Currently, state-owned airport operator of I Gusti Ngurah Rai International Airport, that is Angkasa Pura I, is preparing the arrival of King Salman bin Abdulaziz Al Saud of Saudi Arabia, who has confirmed that he will visit Bali between 4-9 March 2017. Reportedly, he will have an entourage of around 1,500 men in seven Boeing 747s. These wide-body airplanes need to park at Ngurah Rai's parking lot and therefore several airplanes of Sriwijaya Air will be moved to Juanda Airport in Surabaya (East Java). When the Saudi king arrives on 4 March there is also a big chance that commercial flights that are scheduled to arrive or depart within 25 minutes after the king's arrival will experience a short delay.

Indonesia's Ministry of Transportation expects the number of air passengers in Indonesia to rise 5 percent (y/y) to 118 million in 2017. Budi Karya, Indonesian Minister of Transportation, said accelerating economic growth and controlled inflation should boost demand for flights in 2017. The government also announced a new strategy: in order to be able to welcome more foreign tourists the state airport operators will allow less domestic flights to arrive and depart at Indonesia's two busiest airports: Soekarno-Hatta International Airport (just outside Indonesia's capital city of Jakarta) and I Gusti Ngurah Rai International Airport on Bali. The government implemented this strategy as it is eager to boost the number of foreign tourists arrivals in Indonesia in order to generate more foreign exchange earnings.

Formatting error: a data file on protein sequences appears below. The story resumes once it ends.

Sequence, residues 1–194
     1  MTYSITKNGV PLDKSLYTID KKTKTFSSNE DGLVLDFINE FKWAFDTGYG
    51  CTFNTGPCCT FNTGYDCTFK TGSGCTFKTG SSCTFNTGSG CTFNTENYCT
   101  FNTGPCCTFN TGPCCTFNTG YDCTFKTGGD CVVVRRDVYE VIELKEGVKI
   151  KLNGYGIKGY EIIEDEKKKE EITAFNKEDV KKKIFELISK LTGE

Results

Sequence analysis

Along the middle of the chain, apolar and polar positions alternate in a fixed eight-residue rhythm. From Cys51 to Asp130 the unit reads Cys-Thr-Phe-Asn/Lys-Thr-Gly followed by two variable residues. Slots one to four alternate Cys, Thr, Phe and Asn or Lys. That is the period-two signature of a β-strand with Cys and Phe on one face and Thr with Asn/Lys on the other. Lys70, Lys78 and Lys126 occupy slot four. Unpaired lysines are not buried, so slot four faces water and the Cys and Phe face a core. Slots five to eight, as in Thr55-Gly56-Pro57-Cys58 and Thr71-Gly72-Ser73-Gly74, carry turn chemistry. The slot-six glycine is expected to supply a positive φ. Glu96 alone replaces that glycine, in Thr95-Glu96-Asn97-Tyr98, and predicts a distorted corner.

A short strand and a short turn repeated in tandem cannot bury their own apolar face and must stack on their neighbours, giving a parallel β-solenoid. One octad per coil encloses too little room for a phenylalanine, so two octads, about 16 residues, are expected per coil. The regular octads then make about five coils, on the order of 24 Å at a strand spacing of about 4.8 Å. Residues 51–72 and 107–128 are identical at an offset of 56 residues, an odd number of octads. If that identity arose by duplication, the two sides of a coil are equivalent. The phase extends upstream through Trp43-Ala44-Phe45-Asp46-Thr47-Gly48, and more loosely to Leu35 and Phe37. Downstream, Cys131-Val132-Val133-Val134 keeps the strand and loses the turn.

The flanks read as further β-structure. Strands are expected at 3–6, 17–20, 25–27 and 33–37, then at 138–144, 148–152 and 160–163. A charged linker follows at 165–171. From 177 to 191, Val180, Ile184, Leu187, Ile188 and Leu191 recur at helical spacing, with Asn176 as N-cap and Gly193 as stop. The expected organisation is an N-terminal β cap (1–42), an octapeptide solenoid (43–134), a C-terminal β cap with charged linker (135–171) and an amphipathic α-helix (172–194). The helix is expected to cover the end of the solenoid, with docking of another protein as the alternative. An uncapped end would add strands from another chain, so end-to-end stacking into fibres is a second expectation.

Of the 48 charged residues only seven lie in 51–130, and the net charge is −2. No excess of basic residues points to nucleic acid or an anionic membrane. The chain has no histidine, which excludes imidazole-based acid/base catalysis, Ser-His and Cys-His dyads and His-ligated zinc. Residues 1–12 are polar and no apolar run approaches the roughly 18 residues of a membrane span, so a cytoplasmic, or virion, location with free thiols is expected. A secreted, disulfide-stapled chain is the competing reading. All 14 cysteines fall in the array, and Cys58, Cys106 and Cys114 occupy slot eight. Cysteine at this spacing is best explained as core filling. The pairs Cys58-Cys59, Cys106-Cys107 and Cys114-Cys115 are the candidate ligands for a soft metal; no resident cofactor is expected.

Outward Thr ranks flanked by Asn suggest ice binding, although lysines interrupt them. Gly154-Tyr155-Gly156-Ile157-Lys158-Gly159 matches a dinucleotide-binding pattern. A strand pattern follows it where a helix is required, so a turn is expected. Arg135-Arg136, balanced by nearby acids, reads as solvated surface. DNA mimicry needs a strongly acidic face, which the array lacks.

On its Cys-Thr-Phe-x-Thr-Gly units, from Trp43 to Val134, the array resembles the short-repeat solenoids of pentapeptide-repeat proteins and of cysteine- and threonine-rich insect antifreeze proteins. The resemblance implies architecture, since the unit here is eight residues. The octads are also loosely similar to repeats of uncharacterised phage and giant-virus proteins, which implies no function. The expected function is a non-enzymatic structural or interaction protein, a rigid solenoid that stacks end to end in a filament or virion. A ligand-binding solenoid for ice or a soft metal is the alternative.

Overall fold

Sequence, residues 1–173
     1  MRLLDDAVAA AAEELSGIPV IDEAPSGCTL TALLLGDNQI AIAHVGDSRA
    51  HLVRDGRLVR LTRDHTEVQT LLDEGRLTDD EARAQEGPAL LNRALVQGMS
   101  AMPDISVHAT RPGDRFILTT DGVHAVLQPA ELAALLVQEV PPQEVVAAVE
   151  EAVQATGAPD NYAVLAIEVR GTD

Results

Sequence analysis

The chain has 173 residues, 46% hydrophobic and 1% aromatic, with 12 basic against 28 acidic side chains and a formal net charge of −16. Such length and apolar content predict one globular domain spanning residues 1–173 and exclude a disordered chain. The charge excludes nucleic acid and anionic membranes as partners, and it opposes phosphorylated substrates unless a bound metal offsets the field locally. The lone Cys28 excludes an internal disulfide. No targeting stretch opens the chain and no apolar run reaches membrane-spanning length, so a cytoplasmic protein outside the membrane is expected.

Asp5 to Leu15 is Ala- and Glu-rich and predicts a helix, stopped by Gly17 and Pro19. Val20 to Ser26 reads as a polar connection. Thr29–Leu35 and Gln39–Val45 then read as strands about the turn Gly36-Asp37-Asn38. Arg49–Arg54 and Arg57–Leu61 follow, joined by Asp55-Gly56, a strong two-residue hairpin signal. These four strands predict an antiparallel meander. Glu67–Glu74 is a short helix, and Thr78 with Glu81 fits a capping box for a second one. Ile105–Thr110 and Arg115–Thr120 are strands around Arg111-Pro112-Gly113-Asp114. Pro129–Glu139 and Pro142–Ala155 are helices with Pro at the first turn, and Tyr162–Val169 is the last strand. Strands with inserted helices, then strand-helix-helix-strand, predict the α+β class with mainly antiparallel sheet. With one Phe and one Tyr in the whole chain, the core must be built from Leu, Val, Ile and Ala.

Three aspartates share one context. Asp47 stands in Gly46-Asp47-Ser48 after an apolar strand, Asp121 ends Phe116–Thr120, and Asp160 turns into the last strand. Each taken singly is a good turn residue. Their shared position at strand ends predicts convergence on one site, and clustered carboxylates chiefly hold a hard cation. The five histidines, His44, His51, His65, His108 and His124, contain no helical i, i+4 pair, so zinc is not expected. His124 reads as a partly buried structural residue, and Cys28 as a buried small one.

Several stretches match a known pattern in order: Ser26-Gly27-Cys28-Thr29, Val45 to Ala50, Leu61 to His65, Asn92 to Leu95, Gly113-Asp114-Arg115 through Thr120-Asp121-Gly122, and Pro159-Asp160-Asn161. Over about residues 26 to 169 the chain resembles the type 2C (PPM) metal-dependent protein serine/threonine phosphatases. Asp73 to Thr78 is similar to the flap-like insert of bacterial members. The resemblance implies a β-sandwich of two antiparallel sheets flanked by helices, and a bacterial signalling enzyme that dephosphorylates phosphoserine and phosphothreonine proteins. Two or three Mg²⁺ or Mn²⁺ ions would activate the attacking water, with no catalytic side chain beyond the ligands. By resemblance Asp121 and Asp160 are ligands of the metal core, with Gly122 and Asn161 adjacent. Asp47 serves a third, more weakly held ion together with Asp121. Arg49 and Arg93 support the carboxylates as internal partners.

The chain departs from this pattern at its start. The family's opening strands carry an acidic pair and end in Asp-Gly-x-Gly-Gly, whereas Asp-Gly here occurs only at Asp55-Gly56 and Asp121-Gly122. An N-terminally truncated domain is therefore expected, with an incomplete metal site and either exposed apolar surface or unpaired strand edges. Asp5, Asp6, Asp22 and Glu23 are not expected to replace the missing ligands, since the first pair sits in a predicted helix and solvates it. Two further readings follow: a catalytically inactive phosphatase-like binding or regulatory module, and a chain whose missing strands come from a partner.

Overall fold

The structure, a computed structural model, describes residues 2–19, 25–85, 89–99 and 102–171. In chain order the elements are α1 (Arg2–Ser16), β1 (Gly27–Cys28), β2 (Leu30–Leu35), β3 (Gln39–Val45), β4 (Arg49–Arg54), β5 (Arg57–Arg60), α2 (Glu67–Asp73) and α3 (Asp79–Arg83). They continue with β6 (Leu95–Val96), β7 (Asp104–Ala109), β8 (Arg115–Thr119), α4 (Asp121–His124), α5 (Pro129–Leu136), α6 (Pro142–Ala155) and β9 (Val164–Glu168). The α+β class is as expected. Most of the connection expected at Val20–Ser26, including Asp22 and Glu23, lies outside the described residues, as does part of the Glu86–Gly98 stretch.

In full-year 2016 the number of air passengers in Indonesia reached 112 million, up 6 percent from air passenger realization in the preceding year. Around 89 million (roughly 80 percent) were domestic passengers, while the remaining 23 million were foreign passengers (20 percent). However, the government wants to change this 80:20 ratio (domestic:foreign passengers) to 75:25 in 2017.

In order to absorb rising passenger numbers (particularly caused by the expanding business of low-cost carriers), it is important to invest in infrastructure in order to guarantee a smooth flow of airplanes and passengers. A key problem in the whole economy of Indonesia is that robust economic growth, particularly during the 2000s commodities boom, was not followed by robust infrastructure development and therefore there has emerged an economy that is inefficient to a high degree, characterized by matters such as high logistics costs.


Phillip Fine |

Interesting that this airport beats out what is obviously Indonesia's main airport: the one in Jakarta!

Misja Alexander |

@Philip Fine, I think the one just outside Jakarta (Soekarno-Hatta) now falls in another category after completion of terminal 3 (>25 million per year passenger capacity). Still, I wouldn't be surprised if people prefer Bali's Ngurah Rai or the new airport in Balikpapan over Jakarta's Soetta.